The University of Adelaide, as part of an extensive collaboration with industry and the South Australian Government, will lead a new drought resilience hub in South Australia. Announced today, the hub will undertake research, development, extension, adoption and commercialisation activities to improve drought resilience and preparedness on SA farms.
The South Australian Drought Resilience Adoption and Innovation Hub (SA Drought Hub), is one of eight in Australia established by the Australian Federal Government.
Dr Rhiannon Schilling, Affiliate Lecturer at the University of Adelaide led the SA Drought Hub application.
“The SA Drought Hub will consist of a network of 59 grower groups, the three SA-based universities, government agencies, indigenous partners, agribusinesses, RD&E partners and industry organisations. This demonstrates the support and willingness of partners to engage in our collaborative vision,” she said.
“The partners provide an extensive regional coverage of the state and bring together a diverse range of skillsets, perspectives and resources. Their significant support underlines the need for industry to work together towards a common goal of building future drought resilience in agriculture.”
Each of the eight national hubs will bring together research and expertise that will support and facilitate effective testing and scaling up of new solutions into commercialisation and adoption.
In 2020 around 70 per cent of the state and more than 4500 farming properties were affected by drought. Australian farmers face a wide range of risks, but they are particularly exposed to variability in climate.
The SA Drought Hub will receive $8 million of funding over four years from the Australian Government’s Future Drought Fund, with an additional $11.47 million of cash and in-kind support from the hub’s partners.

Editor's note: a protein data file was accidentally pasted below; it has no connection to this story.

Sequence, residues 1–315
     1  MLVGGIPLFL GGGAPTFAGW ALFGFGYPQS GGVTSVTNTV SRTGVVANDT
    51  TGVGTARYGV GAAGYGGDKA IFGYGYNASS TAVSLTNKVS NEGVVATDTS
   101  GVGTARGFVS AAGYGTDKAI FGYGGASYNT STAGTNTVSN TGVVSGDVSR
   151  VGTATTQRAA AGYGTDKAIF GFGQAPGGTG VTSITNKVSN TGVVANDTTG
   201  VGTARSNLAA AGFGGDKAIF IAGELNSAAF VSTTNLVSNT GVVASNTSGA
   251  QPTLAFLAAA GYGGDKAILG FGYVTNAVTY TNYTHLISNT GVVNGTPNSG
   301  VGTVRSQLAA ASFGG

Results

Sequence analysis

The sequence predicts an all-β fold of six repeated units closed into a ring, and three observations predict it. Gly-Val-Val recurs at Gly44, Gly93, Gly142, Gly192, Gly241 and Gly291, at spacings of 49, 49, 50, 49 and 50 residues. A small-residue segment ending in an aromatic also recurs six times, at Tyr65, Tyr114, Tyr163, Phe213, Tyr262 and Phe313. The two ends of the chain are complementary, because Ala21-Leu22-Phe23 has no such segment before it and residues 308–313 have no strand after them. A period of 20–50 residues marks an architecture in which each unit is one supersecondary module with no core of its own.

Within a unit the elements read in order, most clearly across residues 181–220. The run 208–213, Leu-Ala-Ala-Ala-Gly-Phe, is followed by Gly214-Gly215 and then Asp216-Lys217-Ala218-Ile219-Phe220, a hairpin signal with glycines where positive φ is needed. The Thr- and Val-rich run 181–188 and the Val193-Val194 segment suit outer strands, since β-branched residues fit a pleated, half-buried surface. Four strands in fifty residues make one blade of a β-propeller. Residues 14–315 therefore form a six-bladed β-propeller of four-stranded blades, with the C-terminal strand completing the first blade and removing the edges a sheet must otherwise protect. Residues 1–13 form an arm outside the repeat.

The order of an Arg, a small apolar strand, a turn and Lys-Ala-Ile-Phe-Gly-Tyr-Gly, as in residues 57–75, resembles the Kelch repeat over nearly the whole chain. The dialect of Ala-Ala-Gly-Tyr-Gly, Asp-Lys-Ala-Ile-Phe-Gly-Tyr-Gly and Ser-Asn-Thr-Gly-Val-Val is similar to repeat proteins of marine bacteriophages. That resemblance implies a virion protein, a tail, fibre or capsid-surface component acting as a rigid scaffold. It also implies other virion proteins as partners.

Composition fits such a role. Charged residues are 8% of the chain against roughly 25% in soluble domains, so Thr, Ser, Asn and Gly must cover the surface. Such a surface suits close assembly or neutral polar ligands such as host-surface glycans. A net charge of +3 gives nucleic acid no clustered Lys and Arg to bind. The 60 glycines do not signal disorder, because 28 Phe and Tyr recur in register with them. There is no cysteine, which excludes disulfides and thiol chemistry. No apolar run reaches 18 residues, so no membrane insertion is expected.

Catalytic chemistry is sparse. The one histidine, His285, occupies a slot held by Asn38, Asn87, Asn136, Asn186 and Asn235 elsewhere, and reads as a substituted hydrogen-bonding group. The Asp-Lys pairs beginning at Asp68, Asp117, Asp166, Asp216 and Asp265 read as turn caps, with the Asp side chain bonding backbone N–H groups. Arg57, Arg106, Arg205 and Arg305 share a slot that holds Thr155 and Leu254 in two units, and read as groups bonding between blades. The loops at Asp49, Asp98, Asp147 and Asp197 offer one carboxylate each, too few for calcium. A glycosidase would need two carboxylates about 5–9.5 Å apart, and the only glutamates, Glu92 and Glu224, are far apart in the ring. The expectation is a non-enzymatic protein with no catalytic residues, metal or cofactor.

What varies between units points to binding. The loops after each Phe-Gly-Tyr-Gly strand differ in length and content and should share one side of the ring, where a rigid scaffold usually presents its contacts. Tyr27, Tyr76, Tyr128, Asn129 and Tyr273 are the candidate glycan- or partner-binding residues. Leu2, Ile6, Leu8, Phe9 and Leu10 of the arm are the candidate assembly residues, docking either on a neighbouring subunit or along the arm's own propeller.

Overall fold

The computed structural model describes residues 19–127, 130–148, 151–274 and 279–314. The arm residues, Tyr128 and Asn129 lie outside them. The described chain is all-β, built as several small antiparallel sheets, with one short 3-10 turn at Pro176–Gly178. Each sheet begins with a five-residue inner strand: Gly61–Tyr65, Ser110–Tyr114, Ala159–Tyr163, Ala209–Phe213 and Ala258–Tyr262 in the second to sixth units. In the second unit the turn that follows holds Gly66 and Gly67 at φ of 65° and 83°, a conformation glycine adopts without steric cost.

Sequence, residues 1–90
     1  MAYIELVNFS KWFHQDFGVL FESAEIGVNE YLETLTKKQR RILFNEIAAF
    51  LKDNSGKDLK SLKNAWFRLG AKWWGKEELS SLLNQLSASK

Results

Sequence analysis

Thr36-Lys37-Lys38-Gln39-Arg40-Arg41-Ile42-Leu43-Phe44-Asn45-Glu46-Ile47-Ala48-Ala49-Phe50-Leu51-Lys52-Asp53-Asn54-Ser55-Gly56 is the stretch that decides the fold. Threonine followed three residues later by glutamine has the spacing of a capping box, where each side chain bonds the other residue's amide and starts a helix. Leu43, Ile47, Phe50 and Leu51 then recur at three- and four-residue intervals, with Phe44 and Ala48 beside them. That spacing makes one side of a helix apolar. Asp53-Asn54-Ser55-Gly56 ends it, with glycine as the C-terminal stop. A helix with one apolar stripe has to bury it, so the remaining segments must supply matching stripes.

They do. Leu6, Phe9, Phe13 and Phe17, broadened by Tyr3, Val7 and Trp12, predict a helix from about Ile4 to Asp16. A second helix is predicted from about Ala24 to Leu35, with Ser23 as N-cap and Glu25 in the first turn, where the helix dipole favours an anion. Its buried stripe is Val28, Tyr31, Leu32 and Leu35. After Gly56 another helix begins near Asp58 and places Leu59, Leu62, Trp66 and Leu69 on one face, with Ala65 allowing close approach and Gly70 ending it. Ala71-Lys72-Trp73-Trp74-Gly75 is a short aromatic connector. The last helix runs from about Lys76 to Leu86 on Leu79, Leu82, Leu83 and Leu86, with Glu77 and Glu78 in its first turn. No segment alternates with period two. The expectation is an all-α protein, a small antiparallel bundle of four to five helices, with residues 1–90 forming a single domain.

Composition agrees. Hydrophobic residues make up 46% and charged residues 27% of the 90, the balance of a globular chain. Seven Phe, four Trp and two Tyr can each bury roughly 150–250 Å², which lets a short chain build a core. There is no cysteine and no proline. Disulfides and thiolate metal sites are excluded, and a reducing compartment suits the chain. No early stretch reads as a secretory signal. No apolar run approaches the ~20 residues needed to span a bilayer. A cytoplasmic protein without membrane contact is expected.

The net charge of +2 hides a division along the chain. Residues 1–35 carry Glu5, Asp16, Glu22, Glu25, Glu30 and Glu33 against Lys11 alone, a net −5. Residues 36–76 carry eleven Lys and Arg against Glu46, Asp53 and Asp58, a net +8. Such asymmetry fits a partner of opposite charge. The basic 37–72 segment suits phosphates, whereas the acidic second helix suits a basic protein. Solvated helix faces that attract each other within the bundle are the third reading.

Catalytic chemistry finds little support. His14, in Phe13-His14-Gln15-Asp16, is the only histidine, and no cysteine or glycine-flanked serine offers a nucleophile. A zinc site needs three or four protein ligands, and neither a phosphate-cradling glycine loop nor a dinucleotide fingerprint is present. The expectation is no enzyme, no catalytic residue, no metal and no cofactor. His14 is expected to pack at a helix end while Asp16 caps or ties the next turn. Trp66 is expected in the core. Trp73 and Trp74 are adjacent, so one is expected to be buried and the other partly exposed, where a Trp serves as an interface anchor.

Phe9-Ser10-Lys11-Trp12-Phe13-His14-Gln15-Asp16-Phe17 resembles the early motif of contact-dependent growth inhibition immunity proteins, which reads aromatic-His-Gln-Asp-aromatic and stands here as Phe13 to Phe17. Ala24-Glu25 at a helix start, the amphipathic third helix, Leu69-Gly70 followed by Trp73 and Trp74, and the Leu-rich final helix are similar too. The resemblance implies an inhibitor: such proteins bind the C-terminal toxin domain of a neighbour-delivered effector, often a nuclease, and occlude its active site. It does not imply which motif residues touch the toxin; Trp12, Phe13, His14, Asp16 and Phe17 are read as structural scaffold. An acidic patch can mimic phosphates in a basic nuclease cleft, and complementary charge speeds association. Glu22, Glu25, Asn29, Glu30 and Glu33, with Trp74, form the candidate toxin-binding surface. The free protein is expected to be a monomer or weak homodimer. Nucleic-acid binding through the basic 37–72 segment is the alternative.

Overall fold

A core site at the University of Adelaide’s Roseworthy campus will be complemented by five nodes located throughout regional South Australia at Minnipa, Port Augusta, Orroroo, Loxton and Struan. The nodes, which are located in pastoral, low, medium and high rainfall zones, will increase the adoption of drought resilience practices across the state.
The initial focus will be to co-design and deliver demand driven activities across the regional nodes to demonstrate and increase adoption of drought resilience practices, implement socially resilient and wellbeing strategies and leverage future investments for drought innovation and adoption initiatives.
“The nodes will be driven from the ground-up with drought resilience priorities established for each node based on input from regional partners,” said Dr Schilling.
“These locations were strategically selected based on extensive consultation with partners and provide the best regional coverage and use of existing resources including AgTech farms and centres, which will enable maximum partner engagement.”
The five nodes and the University of Adelaide’s Waite and North Terrace campuses will be available for SA Drought Hub partners to use for collaborative project activities.
“The University of Adelaide’s Waite Research Institute has a strong-track record of delivering outcomes that directly impact Australian and global agricultural industries,” said Professor Matthew Gilliham, Director of the Waite Research Institute.
“Our wide range of expertise in agriculture and food research that has resulted in increased resistance to drought events as well as pests, diseases and increasing soil salinity, while improving crop yields, will provide a strong foundation of expertise for the SA Drought Hub.
“The hub’s purpose will be to support our state’s primary producers to ensure our agricultural industries continue to grow even under conditions of drought. The University of Adelaide is delighted to lend its expertise and lead this important initiative that will link all industry sectors from grains, crops and livestock, to horticulture and viticulture, to provide broad resilience and innovation support across the state.”
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